“In those solemn moments, the rituals of the NJ State Police and the Catholic faith blended together to offer hope to all present that Trooper Cullen’s life had changed, not ended,” the Bishop said. “A hope, a faith and a promise born of the Life and the Death and the Risen Life of the Lord Jesus Christ, ‘one of our own’ who died on Good Friday yet rose triumphant from his grave on Easter Sunday. 

The annual Blue Mass is “important because it’s a celebration,” said Howard Allaire, the chairman of the Blue Mass committee and a retired lieutenant with the Trenton Police Department. “We have enough memorials, we have enough funerals. While we remember those officers who made the ultimate sacrifice, it’s important to celebrate law enforcement and the officers who go out there every day, and the ones who work in the jails…this really says something to them, that there are people out there supporting them.”

Roughly 300 officers attended the Mass, with the largest contingent coming from the New Jersey Department of Corrections. The New Jersey State Police also had a large group in attendance, with other officers representing the Port Authority police, the Department of Homeland Security, the Ocean County Sheriff’s Office, and many others. Twenty-four flags, representing the many law enforcement agencies in attendance, were carried in before the Mass.

Msgr. Sam Sirianni, pastor of St. Robert Bellarmine Parish, Freehold, has been involved in the Blue Mass since its inauguration in 2000. He said that “this year I came to concelebrate and show my support to the men and women in law enforcement…I hope [the attendees] come away with the sense of the risen Lord, that the Church is supporting them and so are the people of God.”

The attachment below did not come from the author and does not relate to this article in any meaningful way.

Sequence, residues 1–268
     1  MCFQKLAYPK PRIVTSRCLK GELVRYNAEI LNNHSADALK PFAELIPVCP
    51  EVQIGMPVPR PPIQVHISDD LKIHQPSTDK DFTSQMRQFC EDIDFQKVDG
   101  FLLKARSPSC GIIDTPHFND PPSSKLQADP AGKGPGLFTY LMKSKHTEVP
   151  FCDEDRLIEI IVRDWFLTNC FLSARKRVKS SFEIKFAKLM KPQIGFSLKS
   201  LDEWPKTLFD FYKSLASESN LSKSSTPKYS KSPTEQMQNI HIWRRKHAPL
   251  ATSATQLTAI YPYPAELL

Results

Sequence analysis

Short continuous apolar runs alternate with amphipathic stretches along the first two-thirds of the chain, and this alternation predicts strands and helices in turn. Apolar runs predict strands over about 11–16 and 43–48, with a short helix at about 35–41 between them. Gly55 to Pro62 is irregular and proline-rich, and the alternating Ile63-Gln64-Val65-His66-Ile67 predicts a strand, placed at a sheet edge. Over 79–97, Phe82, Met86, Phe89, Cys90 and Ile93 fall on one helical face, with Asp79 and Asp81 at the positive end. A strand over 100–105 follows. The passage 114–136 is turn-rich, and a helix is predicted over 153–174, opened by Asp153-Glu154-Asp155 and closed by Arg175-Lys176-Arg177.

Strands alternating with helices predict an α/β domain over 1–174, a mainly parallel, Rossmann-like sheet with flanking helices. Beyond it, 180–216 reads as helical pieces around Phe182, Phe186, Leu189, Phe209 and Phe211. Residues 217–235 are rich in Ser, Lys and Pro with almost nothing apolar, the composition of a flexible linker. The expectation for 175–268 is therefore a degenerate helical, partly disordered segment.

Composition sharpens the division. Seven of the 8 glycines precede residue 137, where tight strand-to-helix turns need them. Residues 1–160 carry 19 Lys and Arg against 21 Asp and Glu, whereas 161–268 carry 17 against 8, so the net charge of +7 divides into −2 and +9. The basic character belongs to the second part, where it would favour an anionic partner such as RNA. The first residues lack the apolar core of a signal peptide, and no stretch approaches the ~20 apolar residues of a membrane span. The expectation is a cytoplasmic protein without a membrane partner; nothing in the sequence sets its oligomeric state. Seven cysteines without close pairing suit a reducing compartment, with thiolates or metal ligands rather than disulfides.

“It gives me great joy to celebrate this day with you all,” said Bishop O’Connell, who blessed pins and prayer cards which were handed out to the officers in attendance. He was joined on the altar by nearly a dozen priests and Deacon Stephen Sansevere of St. Gabriel Parish, Marlboro, a retired member of the Jersey City Police Department, who assisted during the Mass.

“I consider [the Bishop] to be one of our protectors,” said Juan Mattos, a United States Marshal and former lieutenant colonel with the state police. “He called us the protectors, and we look at him as our protector…The men and women who are wearing the uniform [know] there is someone out there that cares.

Deputy U.S. Marshal Michael Schroeder proclaimed the First Reading, while N.J. State Trooper Andrew Kaczur proclaimed the Second Reading. The intercessions were read by Monmouth County Sheriff Officer Michele Mendez and Manchester Township Police Corporal Doug Higgins.

 “We live in strange and difficult times,” Bishop O’Connell told the hundreds of police officers in attendance. “But the ‘goodness of the Lord’ is still here.  And for most of us, you – the women and men of law enforcement – you are the embodiment of that goodness in what you do each day for us.”





Correction: A previous version of this story misidentified New Jersey state trooper Andrew Kaczur. The Monitor regrets the error.